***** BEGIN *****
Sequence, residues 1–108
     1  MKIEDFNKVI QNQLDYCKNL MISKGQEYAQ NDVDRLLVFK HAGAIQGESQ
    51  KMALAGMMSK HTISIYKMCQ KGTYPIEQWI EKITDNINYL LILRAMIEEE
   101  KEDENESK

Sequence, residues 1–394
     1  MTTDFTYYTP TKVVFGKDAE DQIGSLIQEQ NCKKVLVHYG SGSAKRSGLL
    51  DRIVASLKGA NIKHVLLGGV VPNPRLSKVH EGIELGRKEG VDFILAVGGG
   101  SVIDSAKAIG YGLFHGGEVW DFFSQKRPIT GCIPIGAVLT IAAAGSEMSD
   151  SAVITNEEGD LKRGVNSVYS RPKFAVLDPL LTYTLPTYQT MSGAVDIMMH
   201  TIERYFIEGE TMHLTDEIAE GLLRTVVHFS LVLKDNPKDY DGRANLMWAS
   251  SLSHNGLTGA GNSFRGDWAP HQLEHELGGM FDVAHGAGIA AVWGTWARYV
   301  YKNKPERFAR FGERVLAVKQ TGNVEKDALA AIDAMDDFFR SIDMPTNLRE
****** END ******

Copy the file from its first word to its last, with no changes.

Sequence, residues 1–108
     1  MKIEDFNKVI QNQLDYCKNL MISKGQEYAQ NDVDRLLVFK HAGAIQGESQ
    51  KMALAGMMSK HTISIYKMCQ KGTYPIEQWI EKITDNINYL LILRAMIEEE
   101  KEDENESK

Sequence, residues 1–394
     1  MTTDFTYYTP TKVVFGKDAE DQIGSLIQEQ NCKKVLVHYG SGSAKRSGLL
    51  DRIVASLKGA NIKHVLLGGV VPNPRLSKVH EGIELGRKEG VDFILAVGGG
   101  SVIDSAKAIG YGLFHGGEVW DFFSQKRPIT GCIPIGAVLT IAAAGSEMSD
   151  SAVITNEEGD LKRGVNSVYS RPKFAVLDPL LTYTLPTYQT MSGAVDIMMH
   201  TIERYFIEGE TMHLTDEIAE GLLRTVVHFS LVLKDNPKDY DGRANLMWAS
   251  SLSHNGLTGA GNSFRGDWAP HQLEHELGGM FDVAHGAGIA AVWGTWARYV
   301  YKNKPERFAR FGERVLAVKQ TGNVEKDALA AIDAMDDFFR SIDMPTNLRE